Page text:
14
Jul

X, Y, Z … Boom! How will Changing Demographics Impact Corporate Culture?

Are you ready?

By: Donna Taglione, Vice President

Full transparency: I am a baby boomer. Born right in the middle of the largest generation–until Millennials. For many of my generation, retirement is a dirty word; it’s an inevitability to be delayed as long as possible. As a group, Baby Boomers have been fighting aging since we turned 30! After all we weren’t supposed to trust anyone over 30 until, of course, we became 30 ourselves and realized we were just getting started.

All kidding and old jokes aside, the reality is that 10,000 Boomers will turn 65 every day between now and 2029. Retirement has already started for many and isn’t that far off for more than half of the Baby Boom generation. My children, Millennials that they are, are probably saying “Finally! What’s taking you so long?” But the sheer volume of pending retirements is staggering and prompts the question how will the obvious “changing of the guard” affect corporate life?

Demographers and business historians estimate that Baby Boomers currently hold 56% of corporate leadership positions. Additionally, two-thirds of all businesses (about 4 million companies) are owned by Baby Boomers. Yet, according to a survey of Fortune 1000 employers, and of critical importance to business in general, 62% of Fortune 1000 employers believe that Baby Boomer retirements will result in a skilled labor shortage sometime in the next five years. In the next 5 years! How is this possible? What should people and companies be doing to prepare for a potential gap in skills? Are companies and their mid-career managers (Gen X and Gen Y) prepared for corporate memory to walk out the door?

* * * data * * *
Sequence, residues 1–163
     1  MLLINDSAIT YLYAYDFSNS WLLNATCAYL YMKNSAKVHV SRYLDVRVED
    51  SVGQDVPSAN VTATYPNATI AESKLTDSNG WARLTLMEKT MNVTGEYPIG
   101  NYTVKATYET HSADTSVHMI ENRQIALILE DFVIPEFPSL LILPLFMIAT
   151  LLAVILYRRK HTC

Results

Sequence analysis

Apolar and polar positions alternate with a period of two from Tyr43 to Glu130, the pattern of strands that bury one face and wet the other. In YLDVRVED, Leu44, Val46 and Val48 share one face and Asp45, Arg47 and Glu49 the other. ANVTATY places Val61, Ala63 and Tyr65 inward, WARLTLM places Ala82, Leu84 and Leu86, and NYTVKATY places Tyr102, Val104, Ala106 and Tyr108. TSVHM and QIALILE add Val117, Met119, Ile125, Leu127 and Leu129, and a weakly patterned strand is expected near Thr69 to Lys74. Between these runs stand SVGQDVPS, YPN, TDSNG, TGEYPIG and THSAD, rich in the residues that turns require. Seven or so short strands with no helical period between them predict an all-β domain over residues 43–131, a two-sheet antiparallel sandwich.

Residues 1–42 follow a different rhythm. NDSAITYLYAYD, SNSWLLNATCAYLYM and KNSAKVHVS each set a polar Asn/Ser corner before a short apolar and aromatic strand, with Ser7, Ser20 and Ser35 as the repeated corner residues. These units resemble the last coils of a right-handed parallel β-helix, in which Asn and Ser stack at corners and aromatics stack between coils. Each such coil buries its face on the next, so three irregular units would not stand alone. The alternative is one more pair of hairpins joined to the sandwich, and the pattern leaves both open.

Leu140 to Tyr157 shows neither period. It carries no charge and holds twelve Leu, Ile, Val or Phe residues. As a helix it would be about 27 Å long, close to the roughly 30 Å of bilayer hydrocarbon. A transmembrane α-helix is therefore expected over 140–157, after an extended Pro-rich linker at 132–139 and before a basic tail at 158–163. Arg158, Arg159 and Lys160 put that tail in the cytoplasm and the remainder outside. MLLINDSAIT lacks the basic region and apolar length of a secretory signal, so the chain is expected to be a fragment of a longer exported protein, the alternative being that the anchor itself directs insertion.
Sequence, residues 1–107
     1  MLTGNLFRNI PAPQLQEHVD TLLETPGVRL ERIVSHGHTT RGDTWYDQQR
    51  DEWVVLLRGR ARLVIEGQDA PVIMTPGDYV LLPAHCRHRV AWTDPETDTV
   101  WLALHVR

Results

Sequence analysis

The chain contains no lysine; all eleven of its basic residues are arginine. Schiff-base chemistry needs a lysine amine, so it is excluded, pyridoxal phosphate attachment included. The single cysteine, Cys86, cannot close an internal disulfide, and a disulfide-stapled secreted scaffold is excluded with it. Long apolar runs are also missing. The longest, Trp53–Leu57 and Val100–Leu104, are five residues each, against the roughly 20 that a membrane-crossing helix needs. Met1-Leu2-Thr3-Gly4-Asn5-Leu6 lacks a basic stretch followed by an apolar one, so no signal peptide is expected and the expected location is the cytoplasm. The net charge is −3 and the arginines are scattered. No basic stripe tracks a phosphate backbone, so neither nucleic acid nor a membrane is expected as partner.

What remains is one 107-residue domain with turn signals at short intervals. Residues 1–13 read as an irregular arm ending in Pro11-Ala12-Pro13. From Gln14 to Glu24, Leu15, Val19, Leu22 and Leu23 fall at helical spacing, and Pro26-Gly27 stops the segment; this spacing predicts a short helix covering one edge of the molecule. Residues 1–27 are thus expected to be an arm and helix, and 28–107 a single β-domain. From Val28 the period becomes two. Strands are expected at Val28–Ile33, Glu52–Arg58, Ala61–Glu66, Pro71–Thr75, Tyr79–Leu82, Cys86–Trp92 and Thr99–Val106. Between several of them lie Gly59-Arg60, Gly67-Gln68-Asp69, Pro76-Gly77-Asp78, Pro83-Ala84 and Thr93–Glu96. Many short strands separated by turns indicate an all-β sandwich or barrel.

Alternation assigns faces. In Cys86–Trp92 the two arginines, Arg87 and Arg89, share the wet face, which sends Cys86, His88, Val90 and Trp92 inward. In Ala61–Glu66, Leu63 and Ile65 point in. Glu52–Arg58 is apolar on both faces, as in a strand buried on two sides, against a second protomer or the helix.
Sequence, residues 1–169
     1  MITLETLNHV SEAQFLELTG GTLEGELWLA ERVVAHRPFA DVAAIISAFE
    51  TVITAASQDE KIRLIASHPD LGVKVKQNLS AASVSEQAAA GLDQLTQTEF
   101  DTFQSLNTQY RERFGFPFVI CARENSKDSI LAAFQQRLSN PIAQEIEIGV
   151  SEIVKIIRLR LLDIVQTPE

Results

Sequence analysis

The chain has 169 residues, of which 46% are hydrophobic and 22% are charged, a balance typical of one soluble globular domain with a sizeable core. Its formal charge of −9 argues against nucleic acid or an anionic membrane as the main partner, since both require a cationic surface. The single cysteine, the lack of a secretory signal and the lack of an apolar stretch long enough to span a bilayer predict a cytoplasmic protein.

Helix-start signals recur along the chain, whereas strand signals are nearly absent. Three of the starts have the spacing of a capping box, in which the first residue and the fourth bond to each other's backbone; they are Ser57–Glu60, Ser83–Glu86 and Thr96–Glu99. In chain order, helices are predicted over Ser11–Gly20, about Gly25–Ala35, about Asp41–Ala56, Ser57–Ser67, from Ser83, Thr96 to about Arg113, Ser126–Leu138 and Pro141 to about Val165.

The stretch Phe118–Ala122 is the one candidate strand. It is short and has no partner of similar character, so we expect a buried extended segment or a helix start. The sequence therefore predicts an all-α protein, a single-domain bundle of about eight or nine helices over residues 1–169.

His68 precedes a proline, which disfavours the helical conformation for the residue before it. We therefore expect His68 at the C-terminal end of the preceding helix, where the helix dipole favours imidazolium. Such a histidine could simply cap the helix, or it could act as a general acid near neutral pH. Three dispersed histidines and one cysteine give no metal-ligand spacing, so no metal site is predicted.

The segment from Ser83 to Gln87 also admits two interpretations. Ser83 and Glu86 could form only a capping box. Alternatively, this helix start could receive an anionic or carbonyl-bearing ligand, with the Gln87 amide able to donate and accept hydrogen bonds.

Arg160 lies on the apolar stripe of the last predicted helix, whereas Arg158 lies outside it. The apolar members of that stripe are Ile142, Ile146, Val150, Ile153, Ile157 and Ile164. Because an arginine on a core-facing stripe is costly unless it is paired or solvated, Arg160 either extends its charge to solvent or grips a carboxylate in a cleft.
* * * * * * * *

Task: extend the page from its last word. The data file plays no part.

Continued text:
Truth be told, with each generation there is always a need for new and fresh perspectives. Somehow it is a lot easier to swallow that new idea when you are on the younger end of the continuum espousing it rather than on the side that finds itself thinking “been there done that”!  Yet companies and managers are going to have to creatively manage the knowledge transfer required as the current generation of executives makes room for the next generation.

Partial retirement or flexible working arrangements–typically a two-year offer with reduced hours and benefits–is one way companies are exploring the retention of certain levels of management so their knowledge can be shared with those next in line for their pay grade. Reverse mentoring, popularized by former GE Chairman Jack Welsh, matches senior executives with 20 and 30-somethings to share experiences. Reverse mentoring closes the knowledge gap for both older and younger age groups and can identity future leaders. Succession planning prepares others internally to assume key business positions. Encore consultancy – when a person “retires” on Friday yet returns on Monday as a part-time consultant for the job they just left – has caught on in some organizations. Are these enough? Are companies paying attention to what corporate life will be like after a generation of workers retire?